Bitcoin’s volatility and impracticality coupled with its environmental hazard makes owning the asset similar to owning 60 cars said the researcher
Francisco Blanch, a Bank of America analyst and economist, has taken the hardline stance against cryptocurrencies in a report, calling Bitcoin “exceptionally volatile”, “impractical” and an environmentally disastrous asset that’s useless both as a store of wealth and an inflation hedge.
The Bank of America analyst’s stance is in stark contrast to other traditional banks like Goldman Sachs and JPMorgan which have warmed up to the idea of a crypto economy in the recent years.
To put thing into perspective, it is crucial to note that Blanch controversially asserted that cryptocurrency can handle only 1400 transactions per hour vis-a-vis the 236 million transactions processed by Visa, and is hence impractical.
The analyst contradicted the notion that the fixed supply of 21 million BTC will inevitably drive up the price of the asset over time by pointing out that since Bitcoin’s supply is limited, fluctuating demand is the only thing driving the price. This volatility makes it unfit to function as a safe haven asset, he added.
“As such, the main portfolio argument for holding Bitcoin is not diversification, stable returns, or inflation protection, but rather sheer price appreciation, a factor that depends on Bitcoin demand outpacing supply,” the researcher explained.
However, the fact that most investors are concerned with returns and Bitcoin is the best performing asset in the last ten years refutes Blanch’s claim.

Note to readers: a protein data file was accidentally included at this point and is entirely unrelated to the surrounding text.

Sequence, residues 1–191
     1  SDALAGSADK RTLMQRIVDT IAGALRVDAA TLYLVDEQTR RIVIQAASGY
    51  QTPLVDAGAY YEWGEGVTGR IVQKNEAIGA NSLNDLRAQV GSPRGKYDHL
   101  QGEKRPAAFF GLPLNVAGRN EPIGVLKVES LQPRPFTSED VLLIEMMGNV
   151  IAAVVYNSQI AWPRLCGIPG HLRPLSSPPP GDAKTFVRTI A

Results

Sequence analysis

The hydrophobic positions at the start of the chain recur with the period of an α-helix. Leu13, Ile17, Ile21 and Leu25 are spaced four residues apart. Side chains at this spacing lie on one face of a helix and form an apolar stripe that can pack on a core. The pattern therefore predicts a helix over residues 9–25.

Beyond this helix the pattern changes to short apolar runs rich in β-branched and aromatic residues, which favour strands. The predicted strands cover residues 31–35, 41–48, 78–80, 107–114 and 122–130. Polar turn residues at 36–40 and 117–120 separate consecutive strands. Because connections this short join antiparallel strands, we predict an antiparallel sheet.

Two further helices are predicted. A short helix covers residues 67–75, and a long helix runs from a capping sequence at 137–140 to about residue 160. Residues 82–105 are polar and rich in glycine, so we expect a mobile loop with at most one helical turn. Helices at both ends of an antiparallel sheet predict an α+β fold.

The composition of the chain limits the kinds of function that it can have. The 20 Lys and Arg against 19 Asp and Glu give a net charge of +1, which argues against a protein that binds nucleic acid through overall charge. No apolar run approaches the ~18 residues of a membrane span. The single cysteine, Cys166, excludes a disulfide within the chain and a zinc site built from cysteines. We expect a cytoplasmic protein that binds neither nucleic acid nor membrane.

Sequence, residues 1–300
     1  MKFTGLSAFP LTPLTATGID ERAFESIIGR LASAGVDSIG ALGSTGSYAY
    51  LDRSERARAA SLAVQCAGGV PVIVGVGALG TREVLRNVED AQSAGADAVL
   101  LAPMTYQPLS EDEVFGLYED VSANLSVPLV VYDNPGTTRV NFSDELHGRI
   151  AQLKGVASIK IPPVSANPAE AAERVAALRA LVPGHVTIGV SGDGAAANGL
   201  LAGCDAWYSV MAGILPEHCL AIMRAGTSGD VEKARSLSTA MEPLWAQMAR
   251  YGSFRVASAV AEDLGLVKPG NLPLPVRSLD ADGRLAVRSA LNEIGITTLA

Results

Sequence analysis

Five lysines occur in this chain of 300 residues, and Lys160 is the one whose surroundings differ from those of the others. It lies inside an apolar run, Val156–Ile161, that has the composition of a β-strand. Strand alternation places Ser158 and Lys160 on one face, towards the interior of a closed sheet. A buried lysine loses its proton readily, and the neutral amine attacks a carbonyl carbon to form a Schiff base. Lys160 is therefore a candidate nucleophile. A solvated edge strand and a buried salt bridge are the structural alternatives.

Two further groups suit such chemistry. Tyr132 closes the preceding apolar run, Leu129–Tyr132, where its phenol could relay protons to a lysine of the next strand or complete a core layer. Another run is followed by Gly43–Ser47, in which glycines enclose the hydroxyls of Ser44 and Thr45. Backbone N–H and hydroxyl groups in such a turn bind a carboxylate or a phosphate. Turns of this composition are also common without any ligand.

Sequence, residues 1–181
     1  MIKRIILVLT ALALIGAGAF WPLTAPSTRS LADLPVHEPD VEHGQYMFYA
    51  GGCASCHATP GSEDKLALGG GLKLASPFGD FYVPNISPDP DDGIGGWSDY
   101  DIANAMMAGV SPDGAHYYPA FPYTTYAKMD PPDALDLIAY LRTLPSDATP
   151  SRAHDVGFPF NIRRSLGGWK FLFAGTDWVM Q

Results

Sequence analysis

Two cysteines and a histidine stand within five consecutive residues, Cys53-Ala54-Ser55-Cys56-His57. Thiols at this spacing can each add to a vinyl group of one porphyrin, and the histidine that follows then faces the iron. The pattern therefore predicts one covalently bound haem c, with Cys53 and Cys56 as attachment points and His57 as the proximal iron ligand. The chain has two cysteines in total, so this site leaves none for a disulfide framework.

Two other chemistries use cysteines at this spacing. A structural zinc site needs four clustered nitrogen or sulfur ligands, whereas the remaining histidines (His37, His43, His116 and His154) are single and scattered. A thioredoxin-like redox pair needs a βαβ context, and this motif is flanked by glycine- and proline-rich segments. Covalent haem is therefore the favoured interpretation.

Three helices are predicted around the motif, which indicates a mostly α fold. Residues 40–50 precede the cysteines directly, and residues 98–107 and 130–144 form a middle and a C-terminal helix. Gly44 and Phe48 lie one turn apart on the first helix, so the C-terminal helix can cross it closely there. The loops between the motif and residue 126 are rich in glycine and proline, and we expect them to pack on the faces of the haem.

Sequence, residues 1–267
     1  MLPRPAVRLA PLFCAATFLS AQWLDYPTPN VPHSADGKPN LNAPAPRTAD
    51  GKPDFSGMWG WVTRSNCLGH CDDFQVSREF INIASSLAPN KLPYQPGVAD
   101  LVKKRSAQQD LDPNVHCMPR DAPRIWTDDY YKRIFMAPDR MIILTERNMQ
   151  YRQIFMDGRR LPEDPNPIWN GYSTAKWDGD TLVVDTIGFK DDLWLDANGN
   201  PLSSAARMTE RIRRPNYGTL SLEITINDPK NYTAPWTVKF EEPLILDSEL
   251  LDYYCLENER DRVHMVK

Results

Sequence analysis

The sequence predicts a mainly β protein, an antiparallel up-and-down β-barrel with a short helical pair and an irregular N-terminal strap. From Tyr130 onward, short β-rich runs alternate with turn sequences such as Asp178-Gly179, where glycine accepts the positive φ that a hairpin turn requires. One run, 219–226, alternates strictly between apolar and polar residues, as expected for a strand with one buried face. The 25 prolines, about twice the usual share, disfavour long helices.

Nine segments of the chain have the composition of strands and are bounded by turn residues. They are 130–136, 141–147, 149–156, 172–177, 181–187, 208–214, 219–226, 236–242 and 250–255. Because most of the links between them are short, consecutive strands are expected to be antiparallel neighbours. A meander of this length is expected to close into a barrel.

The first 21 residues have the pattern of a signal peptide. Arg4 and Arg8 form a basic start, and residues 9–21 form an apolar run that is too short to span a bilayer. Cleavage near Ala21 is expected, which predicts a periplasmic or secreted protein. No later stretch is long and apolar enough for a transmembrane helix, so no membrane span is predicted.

The BoA researcher then turned his attention towards the environmental impact of Bitcoin mining, pointing out that Bitcoin has the highest carbon footprint of all human activities in terms of dollar-for-dollar inflows with reports suggesting that that Bitcoin’s energy usage has grown more than 200% in the past two years.
While the crypto community often points out that about 75% of Bitcoin mining uses renewable energy, BoA’s report shows that most of BTC mining occurs in China where more than half of electricity is produced by coal.
“The rising complexity of the system creates ultimately a vicious environmental cycle of rising prices, rising hashpower, rising energy consumption and, ultimately, rising CO2 emissions,” the BoA report stated.
Such perceptions about the negative environmental impact of Bitcoin mining can discourage corporates and climate-conscious shareholders from promoting institutional adoption of cryptocurrencies
Blanch left no criticism unsaid. He noted that about 181 companies faced risks linked to Bitcoin around “money laundering, corruption, bribery, fraud, and breaches of data privacy” and also identified that Central Bank Digital Currencies could pose tremendous long term threats to Bitcoin.